Sergeant Ralph P. Baumgart stated in his report that scout car 15-93 gave information over the air that the passenger in the chased vehicle was climbing into the back seat and appeared as if he was getting ready to shoot at the pursuing police vehicles. The report said that as the chase continued south on Conner toward Gratiot, at speeds approaching 100 miles per hour, Folcarelli and Smith were standing next to their scout car as the Pontiac approached them. When it got closer, it veered towards the officers standing in the street and Folcarelli fired one shot in self defense at the suspect vehicle. The shot was fired without taking effect. After investigating the shooting incident, Baumgart indicated in his report that Folcarelli was justified in the use of his firearm as outlined in police department procedure because he fired in defense to protect himself and his partner from serious bodily harm or death. Baumgart recommended that the matter be considered closed, and the lieutenant who reviewed the matter agreed that Folcarelli acted properly.

Thirteen blocks south of where Folcarelli had fired the shot, the Pontiac struck a Ford Mustang and, further south on Conner, the Pontiac struck a truck travelling in the opposite direction. The Pontiac finally came to rest after striking a fire hydrant, and both occupants died in the accident.

The autopsy report revealed that plaintiff's decedent suffered injuries as a result of his head going through the windshield. Both the occupants of the car had consumed alcohol prior to the accident. Also, further investigation at the scene of the report failed to indicate that a rape had taken place.

Plaintiff claims that the trial court erred in granting summary judgment to defendants based on governmental immunity. Claiming that the chase by police and the shot fired by Folcarelli were reckless or negligent ministerial acts, plaintiff avers that defendant is not immune under MCL 691.1407; MSA 3.996(107). We regard the distinction between "ministerial" and "discretionary" acts as irrelevant, and affirm the trial court. We quote with approval the Court's opinion in Shwary v Cranetrol Corp, 119 Mich. App. 736; 326 N.W.2d 627 (1982):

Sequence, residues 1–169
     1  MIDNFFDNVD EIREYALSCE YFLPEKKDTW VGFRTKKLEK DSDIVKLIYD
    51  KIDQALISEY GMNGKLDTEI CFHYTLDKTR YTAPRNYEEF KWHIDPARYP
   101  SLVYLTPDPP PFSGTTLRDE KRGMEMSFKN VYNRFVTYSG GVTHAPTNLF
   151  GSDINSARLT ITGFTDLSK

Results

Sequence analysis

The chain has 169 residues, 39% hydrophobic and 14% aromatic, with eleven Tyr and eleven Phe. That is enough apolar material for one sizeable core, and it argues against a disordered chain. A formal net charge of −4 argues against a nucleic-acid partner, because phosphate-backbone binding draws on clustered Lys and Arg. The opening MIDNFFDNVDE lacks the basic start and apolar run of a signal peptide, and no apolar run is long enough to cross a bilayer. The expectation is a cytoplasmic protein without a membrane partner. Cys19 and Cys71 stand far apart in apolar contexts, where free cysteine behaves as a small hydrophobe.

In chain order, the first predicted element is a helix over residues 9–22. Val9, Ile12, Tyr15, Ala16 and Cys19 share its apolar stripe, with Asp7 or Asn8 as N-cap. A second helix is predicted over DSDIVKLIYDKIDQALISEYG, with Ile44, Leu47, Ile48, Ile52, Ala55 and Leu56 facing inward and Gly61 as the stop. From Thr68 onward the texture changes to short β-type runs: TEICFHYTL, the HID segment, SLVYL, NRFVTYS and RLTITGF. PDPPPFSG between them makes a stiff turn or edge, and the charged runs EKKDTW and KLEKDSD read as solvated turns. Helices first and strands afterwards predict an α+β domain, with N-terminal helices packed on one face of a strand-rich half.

"In Gaston v Becker, 111 Mich. App. 692; 314 N.W.2d 728 (1981), in a well-reasoned opinion, Judge BRONSON pointed out that a majority of the Supreme Court has apparently rejected the `ministerial-discretionary' standard. Thus, reviewing courts need not decide whether employees were performing duties that were discretionary in nature in order to determine whether the employees are entitled to governmental immunity. Rather, `the proper test to apply is merely whether the [employees] were acting within the scope of their employment. If so, they cannot be held liable." Id., 698.

The defense of governmental immunity, as codified in MCL 691.1407; MSA 3.996(107), provides immunity to an agency engaged in a governmental function. It is obvious that the police officers were engaged in a governmental function. See, e.g., MCL 117.3(j); MSA 5.2073(j).

Because the defendants acted within the scope of their employment in the exercise of a governmental function, they were entitled to governmental immunity and the trial court's order of summary judgment was correct.


CYNAR, J., concurred.

I concur with the majority's determination that the defendants were acting within the scope of their employment in the exercise of a governmental function. I disagree, however, with the opinion's abandonment of the "ministerial-discretionary" standard. I agree with the thorough discussion of this standard by our colleague, Judge MICHAEL J. KELLY, in the case of Layton v Quinn, 120 Mich. App. 708; 328 N.W.2d 95 (1982). Applying that standard to this case, however, would still result in affirmance as the acts of the defendants here involved were discretionary and protected by the doctrine of governmental immunity. See Fiser v City of Ann Arbor, 107 Mich. App. 367; 309 N.W.2d 552 (1981).

Summaries of

Custard v. McCue

Michigan Court of Appeals
Apr 5, 1983
335 N.W.2d 104 (Mich. Ct. App. 1983)
Case details for

Custard v. McCue

Case Details

Full title:CUSTARD v McCUE

Court:Michigan Court of Appeals

Date published: Apr 5, 1983


335 N.W.2d 104 (Mich. Ct. App. 1983)
335 N.W.2d 104